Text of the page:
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Bruce Lee was a Chinese American martial arts expert and movie star best known for films including Enter The Dragon and Game Of Death. Born on November 27, 1940 in San Francisco, he was the son of Cantonese opera singer Lee Hoi-Chuen. Lee returned to Hong Kong at three months old and was raised in Kowloon, where as a child he appeared in several films. In his late teens he moved to the United States where he began teaching martial arts, eventually moving into films. Lee is widely credited with changing the perceptions of Asians in Hollywood movies, as well as founding the martial art of Jeet Kune Do. Lee died in Kowloon Tong on July 20, 1973 aged 32 from acute cerebral edema.

Treasure trove of the past

PUBLISHED : Thursday, 28 June, 2012, 12:00am
UPDATED : Thursday, 28 June, 2012, 12:00am
 

While many people think that old things have little value and should be forgotten, a group of secondary students at Sha Tin Methodist College believe otherwise.

Ken Chan Wai-kin, Vicki Wong Wai-kiu and her older sister, Vienna Wong Wai-yan, and Erica Cheng Chun-ho made a five-minute documentary on a sunset industry in Hong Kong, featuring a traditional style cafe in Sheung Wan.

The students are members of the school's Campus TV team, who have learned about video film-making after school since Form One.

'There's always an old cafe in Hong Kong movies,' Ken, 19, says. 'To some people, it's old-fashioned, but to us it's new and interesting.'

Their film, Treasure of Lost Feelings, has won several awards, including the Best Documentary and Best Picture at last year's National Geographic 'Live Curious' Documentary Competition, and another Best Documentary prize at this year's Digital Video competition run by the Hong Kong Baptist University and the government youth portal, Youth.gov.hk.

The students focused on filming something local, which represented Hong Kong. An internet search uncovered Hoi An Cafe, a traditional-style restaurant that opened in 1952.

Decorated with high-ceiling fans, original, wooden-booth seating with high-backed benches, and stools set around glass-topped round tables, it offers many old-style food items you rarely find in modern Hong Kong, such as home-baked cakes and buns, instant noodles with beef satay, and cooked ham and eggs.

'The cafe was once owned by the father of Annie Au Yeung, who is now the owner,' says Vicki, 17. 'She told us her father named it Hoi An, literally meaning 'sea safety', since the neighbourhood was an area recruiting sailors and he wanted them all to come home safely.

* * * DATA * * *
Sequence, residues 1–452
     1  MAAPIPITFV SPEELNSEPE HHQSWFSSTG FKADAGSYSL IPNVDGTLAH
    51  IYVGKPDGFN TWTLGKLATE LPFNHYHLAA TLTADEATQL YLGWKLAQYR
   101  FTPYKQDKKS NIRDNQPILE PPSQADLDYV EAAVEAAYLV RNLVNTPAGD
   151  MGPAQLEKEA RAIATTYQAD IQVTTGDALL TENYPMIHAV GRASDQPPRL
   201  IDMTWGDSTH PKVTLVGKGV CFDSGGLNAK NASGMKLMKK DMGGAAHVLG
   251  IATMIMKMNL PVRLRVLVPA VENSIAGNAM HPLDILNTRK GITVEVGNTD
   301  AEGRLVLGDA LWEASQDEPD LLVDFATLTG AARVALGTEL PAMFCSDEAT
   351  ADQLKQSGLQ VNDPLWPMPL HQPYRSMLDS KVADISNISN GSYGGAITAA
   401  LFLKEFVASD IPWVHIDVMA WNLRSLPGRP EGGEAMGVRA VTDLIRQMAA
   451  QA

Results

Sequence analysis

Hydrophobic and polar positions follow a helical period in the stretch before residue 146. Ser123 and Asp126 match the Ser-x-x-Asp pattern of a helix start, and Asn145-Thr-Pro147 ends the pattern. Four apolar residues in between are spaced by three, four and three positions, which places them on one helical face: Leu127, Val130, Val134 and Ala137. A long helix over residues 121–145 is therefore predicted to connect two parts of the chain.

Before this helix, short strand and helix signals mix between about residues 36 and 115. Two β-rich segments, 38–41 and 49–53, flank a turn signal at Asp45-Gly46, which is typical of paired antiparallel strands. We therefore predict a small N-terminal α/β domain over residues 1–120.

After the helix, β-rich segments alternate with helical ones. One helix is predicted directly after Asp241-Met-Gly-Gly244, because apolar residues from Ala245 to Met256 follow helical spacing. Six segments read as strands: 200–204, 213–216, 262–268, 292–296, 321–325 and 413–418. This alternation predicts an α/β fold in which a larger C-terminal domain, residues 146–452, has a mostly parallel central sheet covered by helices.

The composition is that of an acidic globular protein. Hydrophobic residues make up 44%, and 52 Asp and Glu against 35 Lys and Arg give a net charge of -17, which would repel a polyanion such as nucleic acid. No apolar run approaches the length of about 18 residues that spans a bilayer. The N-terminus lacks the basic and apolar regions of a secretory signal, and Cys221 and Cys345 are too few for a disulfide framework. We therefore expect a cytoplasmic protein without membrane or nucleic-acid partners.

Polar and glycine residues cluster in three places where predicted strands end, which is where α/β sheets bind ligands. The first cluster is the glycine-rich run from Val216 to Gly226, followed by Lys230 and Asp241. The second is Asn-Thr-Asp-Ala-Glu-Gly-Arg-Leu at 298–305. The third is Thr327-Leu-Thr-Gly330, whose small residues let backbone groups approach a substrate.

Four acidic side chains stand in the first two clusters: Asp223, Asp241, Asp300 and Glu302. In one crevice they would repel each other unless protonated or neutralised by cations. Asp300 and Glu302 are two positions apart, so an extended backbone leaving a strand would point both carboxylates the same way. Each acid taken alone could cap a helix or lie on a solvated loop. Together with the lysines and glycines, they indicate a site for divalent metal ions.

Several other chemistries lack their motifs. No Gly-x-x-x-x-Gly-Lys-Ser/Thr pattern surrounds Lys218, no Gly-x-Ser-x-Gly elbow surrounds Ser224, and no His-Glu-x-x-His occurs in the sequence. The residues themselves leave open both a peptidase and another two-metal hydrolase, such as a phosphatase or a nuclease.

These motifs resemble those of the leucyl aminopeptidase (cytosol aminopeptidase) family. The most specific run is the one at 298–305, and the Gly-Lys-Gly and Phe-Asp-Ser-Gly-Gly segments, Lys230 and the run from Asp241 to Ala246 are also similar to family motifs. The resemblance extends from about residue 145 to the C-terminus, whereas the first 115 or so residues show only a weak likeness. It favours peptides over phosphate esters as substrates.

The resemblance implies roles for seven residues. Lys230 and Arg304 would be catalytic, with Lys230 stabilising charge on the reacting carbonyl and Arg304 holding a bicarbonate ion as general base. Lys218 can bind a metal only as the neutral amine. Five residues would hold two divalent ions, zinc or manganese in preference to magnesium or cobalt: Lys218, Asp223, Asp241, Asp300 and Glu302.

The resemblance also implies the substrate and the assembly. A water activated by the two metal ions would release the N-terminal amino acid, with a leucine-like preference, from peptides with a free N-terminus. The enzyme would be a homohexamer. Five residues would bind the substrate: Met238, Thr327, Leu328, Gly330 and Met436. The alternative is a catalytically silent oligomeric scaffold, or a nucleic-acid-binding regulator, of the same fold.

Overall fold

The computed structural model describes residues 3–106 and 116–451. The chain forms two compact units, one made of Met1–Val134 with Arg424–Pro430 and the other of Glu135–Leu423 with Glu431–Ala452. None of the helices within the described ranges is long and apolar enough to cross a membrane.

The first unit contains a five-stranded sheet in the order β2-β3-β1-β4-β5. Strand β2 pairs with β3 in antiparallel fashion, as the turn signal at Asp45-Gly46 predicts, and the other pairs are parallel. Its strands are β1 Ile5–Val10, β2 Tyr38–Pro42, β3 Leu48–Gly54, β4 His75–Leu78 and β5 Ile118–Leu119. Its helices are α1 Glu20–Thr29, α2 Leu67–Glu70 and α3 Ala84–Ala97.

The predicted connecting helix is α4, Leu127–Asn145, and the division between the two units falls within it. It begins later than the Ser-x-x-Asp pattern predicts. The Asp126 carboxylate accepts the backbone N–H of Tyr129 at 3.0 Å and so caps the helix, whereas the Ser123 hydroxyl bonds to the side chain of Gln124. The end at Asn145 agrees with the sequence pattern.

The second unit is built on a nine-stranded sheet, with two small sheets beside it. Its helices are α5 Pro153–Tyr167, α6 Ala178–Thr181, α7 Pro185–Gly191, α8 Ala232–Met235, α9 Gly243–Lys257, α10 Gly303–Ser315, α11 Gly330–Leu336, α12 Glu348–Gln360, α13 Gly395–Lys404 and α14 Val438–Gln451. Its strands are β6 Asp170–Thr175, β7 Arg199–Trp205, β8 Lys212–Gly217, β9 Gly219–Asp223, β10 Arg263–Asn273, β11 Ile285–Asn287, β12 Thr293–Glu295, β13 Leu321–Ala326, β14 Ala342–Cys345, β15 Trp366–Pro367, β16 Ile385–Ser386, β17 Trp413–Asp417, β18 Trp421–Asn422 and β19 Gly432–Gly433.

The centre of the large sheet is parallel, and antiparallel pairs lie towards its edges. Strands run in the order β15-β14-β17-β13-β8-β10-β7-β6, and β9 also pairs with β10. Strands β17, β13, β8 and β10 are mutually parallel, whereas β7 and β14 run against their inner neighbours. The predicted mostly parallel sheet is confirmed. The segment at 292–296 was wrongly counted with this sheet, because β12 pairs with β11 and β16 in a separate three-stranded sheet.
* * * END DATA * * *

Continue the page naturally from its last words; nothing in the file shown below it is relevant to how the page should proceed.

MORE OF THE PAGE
Vicki learned that when Annie's father died, the cafe was taken over by 'Uncle Wong', an existing member of staff. Annie took over recently when Wong retired.

'Annie has her struggles,' Vienna, 18, says. 'She went from working as a bank manager, to someone serving in the cafe and cleaning the toilets.

'Yet she's accepted the challenge because she was born in the neighbourhood and wants to pass on the cafe's great old tradition, just like her father and Wong did.'

Ken says: 'Even her son asked why she would make such a change. She told him she'd made up her mind and was committed - forever. I was moved by her devotion.'

During 10 hours of filming, the students listened to many touching, 'real-life' human stories that lifted their spirits. 'Unlike many fast-food, chain restaurants, which feel soulless and cold - both in the service and chilly, air-conditioned interior - their cafe is different; strangers interact with one another,' Vicki says.

Vienna says: 'We saw customers, who don't know each other at all, sit down at the same table and begin to chat, quite naturally.'

Vikki adds: 'Some people say Hongkongers are becoming distant - that they don't feel anything for each other. But it's great to see people in this cafe aren't like that.'

The students honed their filming and editing skills - and interviewing techniques - by seeing things from the perspective of those being questioned. 'I learned the value of listening in interviews,' Ken says. 'Rather than throw out questions, you get more if you listen.'

The team won a trip to Xiqiao Mountain Film Studio at Foshan City, in Guangdong, this summer.

Yet their greatest reward has been the motivation to document further Hong Kong stories on film.

In April, Ken and Vicki entered another NatGeo competition, with the theme 'This is who we are'.

'I want to discover more of the true spirit of Hong Kong people - a spirit that says: we never give up,' Ken says.

To watch Treasure of Lost Feelings go to: www.youth.gov.hk/en/special/innoaction/docu_pop11.htm

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